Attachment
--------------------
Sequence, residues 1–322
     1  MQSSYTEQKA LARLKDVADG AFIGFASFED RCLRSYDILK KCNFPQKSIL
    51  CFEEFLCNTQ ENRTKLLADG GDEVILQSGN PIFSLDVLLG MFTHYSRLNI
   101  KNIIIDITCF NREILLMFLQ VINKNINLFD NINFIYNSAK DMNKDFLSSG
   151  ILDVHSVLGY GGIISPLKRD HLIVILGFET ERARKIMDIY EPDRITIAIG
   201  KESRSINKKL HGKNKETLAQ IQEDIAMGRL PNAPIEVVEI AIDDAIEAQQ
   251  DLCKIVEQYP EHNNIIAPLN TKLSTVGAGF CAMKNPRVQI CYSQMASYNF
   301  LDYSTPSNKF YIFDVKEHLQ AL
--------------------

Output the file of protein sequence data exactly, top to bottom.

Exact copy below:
Sequence, residues 1–322
     1  MQSSYTEQKA LARLKDVADG AFIGFASFED RCLRSYDILK KCNFPQKSIL
    51  CFEEFLCNTQ ENRTKLLADG GDEVILQSGN PIFSLDVLLG MFTHYSRLNI
   101  KNIIIDITCF NREILLMFLQ VINKNINLFD NINFIYNSAK DMNKDFLSSG
   151  ILDVHSVLGY GGIISPLKRD HLIVILGFET ERARKIMDIY EPDRITIAIG
   201  KESRSINKKL HGKNKETLAQ IQEDIAMGRL PNAPIEVVEI AIDDAIEAQQ
   251  DLCKIVEQYP EHNNIIAPLN TKLSTVGAGF CAMKNPRVQI CYSQMASYNF
   301  LDYSTPSNKF YIFDVKEHLQ AL